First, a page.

Local author Michael Frissore, from Oro Valley, has published a collection of strange short stories dating back to the '90s.
Puppet Shows is a collection of thirteen short stories which Frissore called his "babies," which he has written throughout his writing career. The oldest of the stories, "Dinner at Wither Port," was written 20 years ago while Frissore was still in college.
The story is about two brothers who inherited the fictional Wither Port Mental Clinic and are careless with the place and its patients. It tells of an annual honorary dinner held for a State Medical Board representative, in which the two brothers drink, one shoots clinic patients with a tranquilizer gun and the waiters at the dinner dress in ninja suits and speak offensive mock-Chinese.
Like "Dinner at Wither Port," the rest of the stories in the collection don't make much sense, yet they're funny and absurd enough to keep you hooked. Frissore said while some stories just came to him, it took him a while to find a direction for others while trying to limit the story's absurdity.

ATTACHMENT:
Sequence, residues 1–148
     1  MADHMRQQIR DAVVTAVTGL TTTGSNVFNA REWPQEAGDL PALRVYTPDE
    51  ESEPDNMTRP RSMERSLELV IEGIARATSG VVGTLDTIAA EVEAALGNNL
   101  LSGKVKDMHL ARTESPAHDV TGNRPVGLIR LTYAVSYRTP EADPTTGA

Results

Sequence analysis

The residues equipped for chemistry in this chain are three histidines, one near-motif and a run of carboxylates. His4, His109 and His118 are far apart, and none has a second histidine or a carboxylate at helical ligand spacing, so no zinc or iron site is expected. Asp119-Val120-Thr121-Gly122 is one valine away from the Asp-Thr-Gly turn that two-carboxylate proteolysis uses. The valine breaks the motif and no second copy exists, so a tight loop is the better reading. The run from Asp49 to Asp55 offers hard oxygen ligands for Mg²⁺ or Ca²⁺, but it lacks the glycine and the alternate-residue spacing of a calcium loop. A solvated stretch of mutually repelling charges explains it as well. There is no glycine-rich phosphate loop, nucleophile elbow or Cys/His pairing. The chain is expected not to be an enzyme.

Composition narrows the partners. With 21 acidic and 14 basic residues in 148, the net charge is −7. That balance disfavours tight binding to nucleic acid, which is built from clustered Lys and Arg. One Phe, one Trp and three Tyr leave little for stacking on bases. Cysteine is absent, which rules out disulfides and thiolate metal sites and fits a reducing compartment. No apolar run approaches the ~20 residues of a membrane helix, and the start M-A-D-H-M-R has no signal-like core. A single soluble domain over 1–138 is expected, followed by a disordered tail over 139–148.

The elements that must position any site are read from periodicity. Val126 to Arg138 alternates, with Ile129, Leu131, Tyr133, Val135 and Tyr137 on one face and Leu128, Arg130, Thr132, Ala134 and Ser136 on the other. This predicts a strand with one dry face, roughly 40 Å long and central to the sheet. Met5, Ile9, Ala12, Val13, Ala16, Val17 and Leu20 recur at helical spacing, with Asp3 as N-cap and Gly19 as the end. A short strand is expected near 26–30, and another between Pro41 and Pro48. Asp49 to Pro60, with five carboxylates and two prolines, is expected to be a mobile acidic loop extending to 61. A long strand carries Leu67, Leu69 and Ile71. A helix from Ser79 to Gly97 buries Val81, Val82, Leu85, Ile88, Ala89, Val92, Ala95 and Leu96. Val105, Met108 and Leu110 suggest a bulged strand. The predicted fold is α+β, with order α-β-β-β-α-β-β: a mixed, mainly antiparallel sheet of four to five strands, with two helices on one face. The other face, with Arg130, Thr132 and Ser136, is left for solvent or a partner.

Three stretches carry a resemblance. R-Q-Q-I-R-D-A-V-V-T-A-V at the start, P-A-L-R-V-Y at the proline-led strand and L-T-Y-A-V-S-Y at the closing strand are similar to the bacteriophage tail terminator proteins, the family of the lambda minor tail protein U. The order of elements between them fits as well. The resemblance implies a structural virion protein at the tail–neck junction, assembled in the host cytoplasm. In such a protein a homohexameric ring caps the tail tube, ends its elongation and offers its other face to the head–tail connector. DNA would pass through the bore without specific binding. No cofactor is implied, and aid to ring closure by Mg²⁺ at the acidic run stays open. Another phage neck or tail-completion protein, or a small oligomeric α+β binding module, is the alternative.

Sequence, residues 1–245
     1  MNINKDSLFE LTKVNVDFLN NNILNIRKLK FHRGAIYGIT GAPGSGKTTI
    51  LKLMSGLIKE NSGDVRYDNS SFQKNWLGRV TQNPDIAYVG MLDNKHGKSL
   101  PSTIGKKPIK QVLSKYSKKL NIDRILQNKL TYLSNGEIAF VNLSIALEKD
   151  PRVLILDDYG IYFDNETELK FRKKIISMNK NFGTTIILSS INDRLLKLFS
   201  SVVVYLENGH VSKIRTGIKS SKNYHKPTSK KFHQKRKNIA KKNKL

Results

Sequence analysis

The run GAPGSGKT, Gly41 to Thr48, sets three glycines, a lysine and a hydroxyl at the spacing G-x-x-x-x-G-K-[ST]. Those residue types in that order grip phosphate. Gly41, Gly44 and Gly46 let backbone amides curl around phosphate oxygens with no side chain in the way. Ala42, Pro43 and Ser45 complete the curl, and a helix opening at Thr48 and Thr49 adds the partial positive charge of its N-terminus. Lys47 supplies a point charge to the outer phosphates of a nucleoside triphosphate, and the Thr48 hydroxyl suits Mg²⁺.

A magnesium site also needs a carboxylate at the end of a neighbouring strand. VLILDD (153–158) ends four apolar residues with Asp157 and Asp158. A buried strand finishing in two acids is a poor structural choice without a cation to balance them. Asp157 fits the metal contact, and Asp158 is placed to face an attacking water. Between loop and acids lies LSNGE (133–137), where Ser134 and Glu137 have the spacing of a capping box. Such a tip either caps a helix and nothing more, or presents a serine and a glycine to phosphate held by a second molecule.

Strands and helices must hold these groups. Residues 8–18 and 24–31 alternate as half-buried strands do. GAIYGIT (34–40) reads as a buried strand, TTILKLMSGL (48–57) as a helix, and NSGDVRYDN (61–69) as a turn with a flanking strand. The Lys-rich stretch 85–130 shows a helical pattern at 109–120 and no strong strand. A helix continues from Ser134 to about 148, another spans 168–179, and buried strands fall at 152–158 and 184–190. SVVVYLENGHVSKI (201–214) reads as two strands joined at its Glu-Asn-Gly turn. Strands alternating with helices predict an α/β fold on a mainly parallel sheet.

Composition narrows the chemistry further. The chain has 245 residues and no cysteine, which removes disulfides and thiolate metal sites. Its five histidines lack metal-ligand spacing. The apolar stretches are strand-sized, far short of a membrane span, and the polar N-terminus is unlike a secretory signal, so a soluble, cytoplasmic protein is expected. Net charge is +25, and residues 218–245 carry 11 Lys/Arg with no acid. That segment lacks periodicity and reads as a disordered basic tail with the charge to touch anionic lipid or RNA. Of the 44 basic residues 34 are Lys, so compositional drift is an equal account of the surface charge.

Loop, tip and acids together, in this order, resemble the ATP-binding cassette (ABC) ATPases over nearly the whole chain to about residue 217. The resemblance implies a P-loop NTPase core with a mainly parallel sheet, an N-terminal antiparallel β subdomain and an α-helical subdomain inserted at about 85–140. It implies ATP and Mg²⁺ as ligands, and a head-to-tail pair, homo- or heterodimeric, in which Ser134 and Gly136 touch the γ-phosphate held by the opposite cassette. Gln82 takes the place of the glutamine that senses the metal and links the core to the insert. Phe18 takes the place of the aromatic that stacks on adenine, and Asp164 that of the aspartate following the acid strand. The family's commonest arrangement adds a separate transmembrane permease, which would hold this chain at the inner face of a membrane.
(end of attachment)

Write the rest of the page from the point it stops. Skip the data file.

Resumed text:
"It's somewhat surprising that I would have a limit to absurdity based on these stories," Frissore said, "but there is, you know, something of a limit there."
Despite Bradley Sands, author of Sorry I Ruined Your Orgy, calling the short story collection "absurdism at its best," Frissore said he doesn't think of himself as a philosopher. His sense of humor just happens to lend itself to absurdism, he added.
Frissore does however agree with absurdism, the philosophical belief that everything the universe is meaningless and irrational, in a sense.
"It's [the universe] not meaningless but it doesn't necessarily have to have the meaning that everyone kind of sees it as," Frissore said. "But certainly, irrational, I agree with."
A husband, father of two and full-time credentialing specialist at the University of Arizona Health Network, Frissore said his writing career has definitely slowed down. Because most of these stories were written before his children were born, most of the work he put in was in finding a publisher.
"I think every writer would love to be able to do it [be a writer] full-time but there's very few who can make that happen," Frissore said. "I would love to have more time to do it than I do but financially ... I need the nine to five job to kind of balance the writing career."
The book can be found in print for $8.99 and as an eBook for $6.99.